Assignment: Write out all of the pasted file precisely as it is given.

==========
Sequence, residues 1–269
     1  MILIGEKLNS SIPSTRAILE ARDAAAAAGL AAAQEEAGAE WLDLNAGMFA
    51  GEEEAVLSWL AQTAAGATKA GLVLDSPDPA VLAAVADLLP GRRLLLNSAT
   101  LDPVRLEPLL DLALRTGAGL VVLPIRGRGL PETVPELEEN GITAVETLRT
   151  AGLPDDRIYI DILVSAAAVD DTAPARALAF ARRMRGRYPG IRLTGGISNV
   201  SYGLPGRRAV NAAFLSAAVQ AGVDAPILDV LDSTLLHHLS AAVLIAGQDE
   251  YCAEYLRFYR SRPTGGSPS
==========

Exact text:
Sequence, residues 1–269
     1  MILIGEKLNS SIPSTRAILE ARDAAAAAGL AAAQEEAGAE WLDLNAGMFA
    51  GEEEAVLSWL AQTAAGATKA GLVLDSPDPA VLAAVADLLP GRRLLLNSAT
   101  LDPVRLEPLL DLALRTGAGL VVLPIRGRGL PETVPELEEN GITAVETLRT
   151  AGLPDDRIYI DILVSAAAVD DTAPARALAF ARRMRGRYPG IRLTGGISNV
   201  SYGLPGRRAV NAAFLSAAVQ AGVDAPILDV LDSTLLHHLS AAVLIAGQDE
   251  YCAEYLRFYR SRPTGGSPS